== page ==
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 David Boxley  (1952 - )

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Lived/Active: Alaska/Washington      Known for: ornamental totem wood carving, painting

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David  Boxley
An example of work by David Boxley
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This biography from the Archives of AskART:
Known for his elaborately decorated, symbolic totem poles, David Boxley has been so succesful that they are placed in a wide variety of locations: Epcot Center in Orlando, Florida; Knott's Berry Farm in California; the office of the Mayor and Microsoft Corporation in Seattle, Washington; and in the collections of the Emperor of Japan; the king and queen of Sweden; the President of West Germany, and the Alaska Native Heritage Center in Anchorage.

He began making his totems in 1992 in his native village of Metlakatla, Alaska, which "sealed his reputation as a culture bearer" for his Tsimshian tribe.    From his youth, he has had such strong feelings about non-native teachers coming to the remote island of his homeplace that he viewed them "as tantamount to an assembly of aliens."  He resented that Christian missionaries had suppressed much of the heritage of his people. 

Boxley was raised by his grandparents, and upon graduating from high school, was the class valedictorian and gave his speech in his native language of Sm'algyax.  He attended Seattle Pacific University, painting in his spare time and doing a series of over 50 depictions of his native culture.  He became a teacher and continued with this art pursuit, living between Alaska and Seattle, and also did basketball-team coaching.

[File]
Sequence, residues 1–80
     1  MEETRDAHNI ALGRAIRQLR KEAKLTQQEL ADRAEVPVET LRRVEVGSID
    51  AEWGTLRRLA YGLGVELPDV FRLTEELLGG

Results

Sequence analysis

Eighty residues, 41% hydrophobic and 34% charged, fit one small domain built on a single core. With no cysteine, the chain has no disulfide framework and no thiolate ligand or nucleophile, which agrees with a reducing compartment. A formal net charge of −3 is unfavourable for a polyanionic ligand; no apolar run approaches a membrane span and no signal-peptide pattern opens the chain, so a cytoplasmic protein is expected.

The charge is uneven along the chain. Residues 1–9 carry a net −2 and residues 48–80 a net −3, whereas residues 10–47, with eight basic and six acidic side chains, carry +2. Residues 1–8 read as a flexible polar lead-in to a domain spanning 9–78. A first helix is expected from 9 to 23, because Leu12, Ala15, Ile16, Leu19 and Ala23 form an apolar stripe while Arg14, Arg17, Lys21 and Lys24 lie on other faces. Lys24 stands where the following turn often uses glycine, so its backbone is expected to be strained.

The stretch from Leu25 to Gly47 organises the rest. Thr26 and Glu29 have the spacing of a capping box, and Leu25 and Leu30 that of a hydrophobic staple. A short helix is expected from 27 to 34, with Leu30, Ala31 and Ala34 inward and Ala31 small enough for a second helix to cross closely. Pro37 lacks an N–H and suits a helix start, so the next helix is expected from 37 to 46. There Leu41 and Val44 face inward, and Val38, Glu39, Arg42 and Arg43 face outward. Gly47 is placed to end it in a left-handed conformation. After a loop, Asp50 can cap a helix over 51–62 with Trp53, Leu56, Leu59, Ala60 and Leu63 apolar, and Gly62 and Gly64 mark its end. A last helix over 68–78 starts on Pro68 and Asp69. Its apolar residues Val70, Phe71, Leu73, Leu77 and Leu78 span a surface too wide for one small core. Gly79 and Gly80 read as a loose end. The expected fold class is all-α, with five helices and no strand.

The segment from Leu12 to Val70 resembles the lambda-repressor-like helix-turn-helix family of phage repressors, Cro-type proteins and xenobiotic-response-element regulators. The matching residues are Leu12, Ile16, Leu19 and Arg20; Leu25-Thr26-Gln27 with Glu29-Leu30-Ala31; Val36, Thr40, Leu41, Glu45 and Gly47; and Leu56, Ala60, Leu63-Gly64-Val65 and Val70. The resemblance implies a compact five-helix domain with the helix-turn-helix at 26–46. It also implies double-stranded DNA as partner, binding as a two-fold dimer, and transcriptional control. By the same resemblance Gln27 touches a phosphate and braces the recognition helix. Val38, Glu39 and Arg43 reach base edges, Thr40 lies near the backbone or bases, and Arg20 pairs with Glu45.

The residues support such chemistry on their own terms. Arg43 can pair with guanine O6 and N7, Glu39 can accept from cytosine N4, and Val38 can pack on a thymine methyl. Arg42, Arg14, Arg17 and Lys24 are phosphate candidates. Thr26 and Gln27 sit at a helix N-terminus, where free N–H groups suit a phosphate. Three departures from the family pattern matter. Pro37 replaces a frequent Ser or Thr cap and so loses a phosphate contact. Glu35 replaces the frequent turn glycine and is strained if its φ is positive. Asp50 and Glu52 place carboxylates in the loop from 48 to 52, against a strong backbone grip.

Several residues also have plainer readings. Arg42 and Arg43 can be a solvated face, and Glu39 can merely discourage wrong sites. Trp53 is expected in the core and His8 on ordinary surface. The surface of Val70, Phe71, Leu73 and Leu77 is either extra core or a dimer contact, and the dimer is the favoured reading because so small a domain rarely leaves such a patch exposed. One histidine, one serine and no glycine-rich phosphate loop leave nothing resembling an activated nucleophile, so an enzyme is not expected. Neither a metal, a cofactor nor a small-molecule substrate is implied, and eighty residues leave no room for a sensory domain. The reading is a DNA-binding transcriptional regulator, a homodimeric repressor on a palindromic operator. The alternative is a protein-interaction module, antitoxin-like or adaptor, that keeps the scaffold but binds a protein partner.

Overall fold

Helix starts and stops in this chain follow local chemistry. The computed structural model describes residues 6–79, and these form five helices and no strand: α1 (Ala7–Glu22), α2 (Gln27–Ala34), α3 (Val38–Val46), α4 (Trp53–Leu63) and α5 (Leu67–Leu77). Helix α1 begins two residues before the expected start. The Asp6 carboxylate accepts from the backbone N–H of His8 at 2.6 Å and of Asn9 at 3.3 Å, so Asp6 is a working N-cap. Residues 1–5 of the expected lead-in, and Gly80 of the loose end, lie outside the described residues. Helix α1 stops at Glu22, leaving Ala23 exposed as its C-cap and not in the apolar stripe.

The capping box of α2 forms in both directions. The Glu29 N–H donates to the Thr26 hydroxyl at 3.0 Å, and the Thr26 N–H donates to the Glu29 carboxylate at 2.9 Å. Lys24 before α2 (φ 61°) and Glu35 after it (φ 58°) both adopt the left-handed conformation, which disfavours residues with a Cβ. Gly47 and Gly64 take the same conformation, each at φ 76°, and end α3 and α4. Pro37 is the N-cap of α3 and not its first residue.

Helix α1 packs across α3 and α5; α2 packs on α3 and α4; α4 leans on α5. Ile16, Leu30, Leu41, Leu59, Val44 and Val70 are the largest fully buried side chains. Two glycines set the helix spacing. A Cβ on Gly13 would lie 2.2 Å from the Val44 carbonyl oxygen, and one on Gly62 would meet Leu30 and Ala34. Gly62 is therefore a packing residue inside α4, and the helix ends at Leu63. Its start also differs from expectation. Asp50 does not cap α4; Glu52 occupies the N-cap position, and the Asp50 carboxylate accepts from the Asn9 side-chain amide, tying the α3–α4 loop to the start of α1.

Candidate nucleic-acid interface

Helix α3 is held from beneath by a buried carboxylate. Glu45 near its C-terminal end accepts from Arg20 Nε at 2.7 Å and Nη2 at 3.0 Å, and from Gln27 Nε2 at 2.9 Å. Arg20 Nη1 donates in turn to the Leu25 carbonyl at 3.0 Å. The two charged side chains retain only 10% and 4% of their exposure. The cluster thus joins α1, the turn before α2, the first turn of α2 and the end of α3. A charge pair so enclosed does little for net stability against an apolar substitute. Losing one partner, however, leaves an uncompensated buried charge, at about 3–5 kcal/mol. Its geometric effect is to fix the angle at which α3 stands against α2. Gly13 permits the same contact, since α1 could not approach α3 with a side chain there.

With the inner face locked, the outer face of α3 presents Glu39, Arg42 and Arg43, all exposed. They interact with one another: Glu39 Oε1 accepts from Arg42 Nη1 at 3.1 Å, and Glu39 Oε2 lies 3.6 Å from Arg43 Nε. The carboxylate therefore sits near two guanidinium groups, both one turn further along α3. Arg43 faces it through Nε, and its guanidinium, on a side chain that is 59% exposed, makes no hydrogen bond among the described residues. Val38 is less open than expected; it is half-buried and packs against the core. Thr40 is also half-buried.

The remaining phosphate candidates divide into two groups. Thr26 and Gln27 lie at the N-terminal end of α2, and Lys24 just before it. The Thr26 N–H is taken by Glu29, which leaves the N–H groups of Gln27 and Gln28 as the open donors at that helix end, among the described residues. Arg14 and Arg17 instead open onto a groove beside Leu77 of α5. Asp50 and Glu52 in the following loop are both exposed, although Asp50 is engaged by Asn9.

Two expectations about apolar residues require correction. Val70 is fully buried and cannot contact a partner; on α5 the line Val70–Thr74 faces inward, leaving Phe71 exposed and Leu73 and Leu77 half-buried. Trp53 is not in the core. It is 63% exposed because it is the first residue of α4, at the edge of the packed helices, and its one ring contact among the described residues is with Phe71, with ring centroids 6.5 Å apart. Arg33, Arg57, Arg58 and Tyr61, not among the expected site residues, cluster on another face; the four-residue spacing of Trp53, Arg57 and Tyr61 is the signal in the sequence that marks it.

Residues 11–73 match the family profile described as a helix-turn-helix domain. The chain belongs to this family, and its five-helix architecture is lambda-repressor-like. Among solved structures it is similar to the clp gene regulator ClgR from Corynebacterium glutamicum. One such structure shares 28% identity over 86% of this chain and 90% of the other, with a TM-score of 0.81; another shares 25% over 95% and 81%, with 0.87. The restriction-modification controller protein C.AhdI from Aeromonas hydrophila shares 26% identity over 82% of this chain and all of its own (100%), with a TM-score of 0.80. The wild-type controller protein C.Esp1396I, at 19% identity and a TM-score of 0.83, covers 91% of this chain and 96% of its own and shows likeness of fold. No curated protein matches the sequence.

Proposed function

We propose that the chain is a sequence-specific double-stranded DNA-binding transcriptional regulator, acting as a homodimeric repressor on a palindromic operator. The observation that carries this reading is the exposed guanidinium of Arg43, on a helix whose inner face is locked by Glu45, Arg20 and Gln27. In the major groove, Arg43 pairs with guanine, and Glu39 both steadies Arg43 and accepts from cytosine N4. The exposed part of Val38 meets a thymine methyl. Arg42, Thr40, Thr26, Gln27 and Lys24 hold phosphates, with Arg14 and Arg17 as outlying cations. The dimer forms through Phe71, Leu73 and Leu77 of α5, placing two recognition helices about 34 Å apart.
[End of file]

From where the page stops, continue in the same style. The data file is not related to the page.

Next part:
In 1980, a wood-carving demonstration at a Seattle cultural center attracted his attention, which became a turning point in his life.  He bought carving tools, and using pictures, began making totem poles.  The more research he did, the more authentic his work became, although in retrospect, he wished he had worked with a tribal apprentice instead of from photographs and books.  He also did his own innovations, which was to depart from the traditional red and black exclusively and add a deep blue.

In 1986, he quit his teaching job, sold the sandwich shop he was running in his village, and moved with his family from Alaska to Kingston, Washington on the Olympic peninsula, where he continues to live today (2006).   From his studio there, he has reached many collectors with his wood carving and has also organized four dance groups of which one of them performed at the opening of the National Museum of the American Indian in Washington DC.   In addition, he is a song writer, having writen over forty in his native language.


Source:
Dottin Indyke, "David Boxley", Southwest Art, May 2006

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